By LA Weekly
By Henry Rollins
By Weekly Photographers
By Shea Serrano
By Nate "Igor" Smith
By Dan Weiss
By Erica E. Phillips
By Kai Flanders
Being a “rock chick” doesn’t necessarily have anything to do with being in a band, or writing about them, or even screwing guys who are in one. But doing so can give you special insight. L.A.-based entertainment journalist/rocker wife Carrie Borzillo-Vrenna knows all about it, and in her new book, Cherry Bomb: The Ultimate Guide to Becoming a Better Flirt, a Tougher Chick, and a Hotter Girlfriend, and to Living Life Like a Rock Star, she and her plucky pals and idols spill their secrets in shameless detail, with bits and tips about how to not only indulge in the sex, drugs and rock & roll fantasy, but how to turn it into a lifestyle.
(Click to enlarge)
Advice from the author: Pinch a stranger’s butt and walk away.
This is a tome for women who fancy their boys scrawny rather than brawny, prefer black nails over French tips, and who, like moi, grew up wanting to be Pinky Tuscadero (or her li’l sister, Leather) from Happy Days. That pop-culture reference too ancient? Try these, then: Beth Ditto, not Miley Cyrus ... The Donnas, not Danity Kane ... Diablo Cody, not Paris Hilton ... Emily the Strange, not Hello Kitty. Actually, scratch the last one, H.K. kinda rocks.
So what is a “Cherry Bomb”? “She’s the girl who doesn’t take shit ... the girl that’s gonna walk into the room, and she might not be the tallest, thinnest, prettiest, or perfectly put together, but she looks the sexiest and most confident because she exudes that ‘Hey, I’m a badass’ attitude,” explains Vrenna over lunch at the rock-chick-owned (no coincidence!) Auntie Em’s in Eagle Rock. “She goes against the grain sometimes and she’s just a li’l bit edgy, a li’l bit tougher. But at the same time, she isn’t a bitch, and she isn’t a whore.”
Indeed, we’re not talking groupies here, though dating musicians and even how to get — and act — backstage at a concert is covered. Borzillo-Vrenna knows of what she writes too; her husband is Nine Inch Nails/Marilyn Manson drummer Chris Vrenna. Other fun contributions include Dita Von Teese on how to do a proper striptease, Kat Von D on tats and “tramp stamps,” Katy Perry’s vintage-fashion faves, Samantha Maloney drum lessons, Lisa Loeb on party hosting, and Vrenna’s alter ego, “Gotha Stewart,” on mixing absinthe cocktails and rolling the perfect joint. Vrenna, whose résumé includes writing for Spin, People and Billboard, and a stint at Gene Simmons’ short-lived Tongue magazine (as a sex-advice columnist), has taken the fluffy and tired genre known as “grrrl guides” (the girl-powery nonfiction sister to chick lit) and given it claws — black, of course. And while us, ahem, riper cherries already know most of this stuff — how to get into clubs, how to make a great entrance, the hierarchy that exists between lead singers, guitarists, bassists and drummers (it goes in that order, duh!) — for the barely legal Hot Topic generation, this li’l purple and black confection might just be life-changing.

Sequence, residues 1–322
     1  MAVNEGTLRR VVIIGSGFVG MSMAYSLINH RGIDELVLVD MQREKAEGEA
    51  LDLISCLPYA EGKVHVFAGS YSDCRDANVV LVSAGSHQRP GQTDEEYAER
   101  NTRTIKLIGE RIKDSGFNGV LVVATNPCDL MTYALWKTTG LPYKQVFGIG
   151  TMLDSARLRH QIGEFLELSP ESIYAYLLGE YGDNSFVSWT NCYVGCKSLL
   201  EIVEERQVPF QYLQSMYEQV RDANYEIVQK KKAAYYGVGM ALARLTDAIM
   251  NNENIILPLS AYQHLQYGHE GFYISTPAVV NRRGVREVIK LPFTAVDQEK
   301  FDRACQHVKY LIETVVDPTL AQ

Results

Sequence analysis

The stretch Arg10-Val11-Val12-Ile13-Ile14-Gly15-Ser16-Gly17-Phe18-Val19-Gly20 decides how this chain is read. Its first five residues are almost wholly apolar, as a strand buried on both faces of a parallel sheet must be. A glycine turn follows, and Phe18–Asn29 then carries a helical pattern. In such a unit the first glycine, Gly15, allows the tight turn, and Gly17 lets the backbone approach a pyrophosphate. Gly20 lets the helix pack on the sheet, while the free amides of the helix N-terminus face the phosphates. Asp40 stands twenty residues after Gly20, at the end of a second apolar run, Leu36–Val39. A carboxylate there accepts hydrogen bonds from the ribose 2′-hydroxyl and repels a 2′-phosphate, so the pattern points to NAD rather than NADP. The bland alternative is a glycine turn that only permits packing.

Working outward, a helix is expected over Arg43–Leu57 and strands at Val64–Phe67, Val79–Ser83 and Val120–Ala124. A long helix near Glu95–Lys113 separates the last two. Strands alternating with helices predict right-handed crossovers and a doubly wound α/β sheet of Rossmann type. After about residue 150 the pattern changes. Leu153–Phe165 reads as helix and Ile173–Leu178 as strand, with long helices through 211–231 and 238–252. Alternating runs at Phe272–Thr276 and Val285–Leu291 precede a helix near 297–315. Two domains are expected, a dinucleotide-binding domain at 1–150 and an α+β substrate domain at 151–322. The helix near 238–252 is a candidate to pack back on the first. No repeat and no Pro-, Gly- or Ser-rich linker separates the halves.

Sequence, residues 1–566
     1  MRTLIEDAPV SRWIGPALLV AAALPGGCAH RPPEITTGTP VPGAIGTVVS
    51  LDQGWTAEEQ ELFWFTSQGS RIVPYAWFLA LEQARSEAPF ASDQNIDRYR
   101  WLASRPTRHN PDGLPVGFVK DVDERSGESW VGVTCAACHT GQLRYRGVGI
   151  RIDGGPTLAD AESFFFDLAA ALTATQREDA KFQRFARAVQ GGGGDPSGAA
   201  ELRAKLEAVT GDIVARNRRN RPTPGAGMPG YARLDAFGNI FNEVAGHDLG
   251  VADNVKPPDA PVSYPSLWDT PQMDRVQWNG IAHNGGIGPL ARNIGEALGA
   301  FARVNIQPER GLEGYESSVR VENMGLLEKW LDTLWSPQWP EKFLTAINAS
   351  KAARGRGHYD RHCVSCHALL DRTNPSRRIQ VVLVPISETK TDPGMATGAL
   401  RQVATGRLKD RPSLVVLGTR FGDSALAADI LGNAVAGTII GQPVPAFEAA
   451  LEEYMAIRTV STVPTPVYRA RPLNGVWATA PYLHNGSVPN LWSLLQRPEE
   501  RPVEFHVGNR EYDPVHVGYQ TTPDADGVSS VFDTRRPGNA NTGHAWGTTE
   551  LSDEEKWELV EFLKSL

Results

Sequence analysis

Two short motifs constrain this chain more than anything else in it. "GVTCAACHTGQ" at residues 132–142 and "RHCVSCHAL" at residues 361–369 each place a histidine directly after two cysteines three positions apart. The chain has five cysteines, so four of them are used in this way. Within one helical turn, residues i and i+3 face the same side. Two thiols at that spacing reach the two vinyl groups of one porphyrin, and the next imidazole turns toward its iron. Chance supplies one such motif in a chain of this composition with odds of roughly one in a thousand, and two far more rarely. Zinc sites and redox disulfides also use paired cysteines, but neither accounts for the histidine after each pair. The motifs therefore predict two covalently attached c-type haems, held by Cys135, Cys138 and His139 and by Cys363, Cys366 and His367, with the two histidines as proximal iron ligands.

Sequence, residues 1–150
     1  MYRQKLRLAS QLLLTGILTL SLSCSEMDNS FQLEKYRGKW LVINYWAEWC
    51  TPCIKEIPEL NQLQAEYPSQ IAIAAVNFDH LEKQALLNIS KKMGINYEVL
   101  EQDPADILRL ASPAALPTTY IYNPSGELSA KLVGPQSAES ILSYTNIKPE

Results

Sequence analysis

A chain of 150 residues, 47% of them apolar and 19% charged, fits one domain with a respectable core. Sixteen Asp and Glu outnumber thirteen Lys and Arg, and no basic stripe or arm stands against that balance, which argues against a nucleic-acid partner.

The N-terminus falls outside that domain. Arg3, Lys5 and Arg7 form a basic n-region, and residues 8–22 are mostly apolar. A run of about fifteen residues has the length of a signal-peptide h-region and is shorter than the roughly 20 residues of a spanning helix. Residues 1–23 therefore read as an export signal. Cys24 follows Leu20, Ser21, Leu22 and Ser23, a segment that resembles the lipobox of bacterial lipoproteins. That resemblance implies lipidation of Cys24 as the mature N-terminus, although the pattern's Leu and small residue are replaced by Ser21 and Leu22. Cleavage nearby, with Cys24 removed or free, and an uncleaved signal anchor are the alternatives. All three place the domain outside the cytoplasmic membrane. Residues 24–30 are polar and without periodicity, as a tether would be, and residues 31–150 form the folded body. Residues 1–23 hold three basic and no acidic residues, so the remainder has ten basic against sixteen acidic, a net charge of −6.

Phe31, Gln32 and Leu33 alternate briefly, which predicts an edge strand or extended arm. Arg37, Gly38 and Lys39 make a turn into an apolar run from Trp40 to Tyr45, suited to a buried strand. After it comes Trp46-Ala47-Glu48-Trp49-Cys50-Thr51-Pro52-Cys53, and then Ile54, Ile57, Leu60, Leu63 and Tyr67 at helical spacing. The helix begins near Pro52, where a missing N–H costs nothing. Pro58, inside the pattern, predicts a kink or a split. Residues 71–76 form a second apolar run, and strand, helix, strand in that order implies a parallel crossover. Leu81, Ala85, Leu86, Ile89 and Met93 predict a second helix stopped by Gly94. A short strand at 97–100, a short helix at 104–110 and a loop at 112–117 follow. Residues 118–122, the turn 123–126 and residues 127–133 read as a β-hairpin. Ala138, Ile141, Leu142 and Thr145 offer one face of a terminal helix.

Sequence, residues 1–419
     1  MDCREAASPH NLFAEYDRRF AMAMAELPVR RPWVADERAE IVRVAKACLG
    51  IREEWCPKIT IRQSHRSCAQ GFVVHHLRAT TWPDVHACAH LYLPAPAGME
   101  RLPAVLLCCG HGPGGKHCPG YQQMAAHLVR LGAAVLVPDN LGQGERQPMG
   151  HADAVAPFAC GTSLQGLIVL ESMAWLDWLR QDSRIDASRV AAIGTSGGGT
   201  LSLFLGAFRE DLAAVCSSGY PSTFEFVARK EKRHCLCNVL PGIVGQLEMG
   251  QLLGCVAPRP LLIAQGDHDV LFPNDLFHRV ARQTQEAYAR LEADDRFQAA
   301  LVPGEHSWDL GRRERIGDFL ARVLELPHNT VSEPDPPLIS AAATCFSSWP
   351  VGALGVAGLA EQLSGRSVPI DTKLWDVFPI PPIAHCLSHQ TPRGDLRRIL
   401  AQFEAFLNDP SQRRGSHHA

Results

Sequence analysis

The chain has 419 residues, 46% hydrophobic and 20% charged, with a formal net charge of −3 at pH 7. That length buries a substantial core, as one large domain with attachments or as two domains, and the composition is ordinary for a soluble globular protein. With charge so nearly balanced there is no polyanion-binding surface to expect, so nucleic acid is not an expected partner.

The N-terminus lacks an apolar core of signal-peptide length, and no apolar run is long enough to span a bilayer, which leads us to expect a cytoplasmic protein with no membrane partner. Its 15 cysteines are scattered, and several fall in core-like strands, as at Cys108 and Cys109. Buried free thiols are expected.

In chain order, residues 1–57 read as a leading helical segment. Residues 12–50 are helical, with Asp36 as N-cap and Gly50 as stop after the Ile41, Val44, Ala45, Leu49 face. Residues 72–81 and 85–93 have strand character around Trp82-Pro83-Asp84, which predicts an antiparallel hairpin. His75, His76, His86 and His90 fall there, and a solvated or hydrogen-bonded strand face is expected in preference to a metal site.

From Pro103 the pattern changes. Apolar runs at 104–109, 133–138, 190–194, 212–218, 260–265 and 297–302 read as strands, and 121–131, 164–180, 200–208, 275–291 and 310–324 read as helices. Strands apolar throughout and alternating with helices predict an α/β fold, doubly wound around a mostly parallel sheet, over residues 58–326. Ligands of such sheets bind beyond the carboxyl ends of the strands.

Wanna get inspired? Put on some black fishnets and some Russian Red lipstick and spy these juicy anecdotes and smart tips (along with some of the book’s (t)arty illustrations, by Liz Adams):
Terri Nunn on “Doing It”
“I wrote a whole song about the power of role-playing. ‘Sex (I’m A ...)’ came about because my boyfriend at the time and I fell into a bit of a rut sexually, so I tried to introduce some role-playing. After a couple of nights of this, he said, ‘Terri, I’m not a pirate. I’m not a burglar. I’m just a guy. I just like guy things.’ Great. If you notice in the song, all he says in the chorus is, ‘I’m a man, I’m a man, I’m a man.’ BOOOORRRRIINNNNGG! I’m all kinds of things, a bitch, geisha, blue movie, Goddess, virgin ... Fuck you! I’m interesting. He laughed at the song, and we did eventually try some more fun scenes in bed.”
“When we wake up in the morning, we can either choose to ‘plug in’ to the creative source or to ‘plug in’ to a chaotic force. If you don’t consciously choose this, then you will be drawn into chaos before lunch and you’ll have no idea how you got there. Energy follows intention. I wake up, I take the 10 minutes it takes — in the shower, putting on makeup, before I go out — to set my intentions, what I will and won’t accept energy-wise. There is not one way that is the right way to do this. But if you are aligned with a creative source, then it’s very hard to seduce you into destructive conversations, arguments and reactions.
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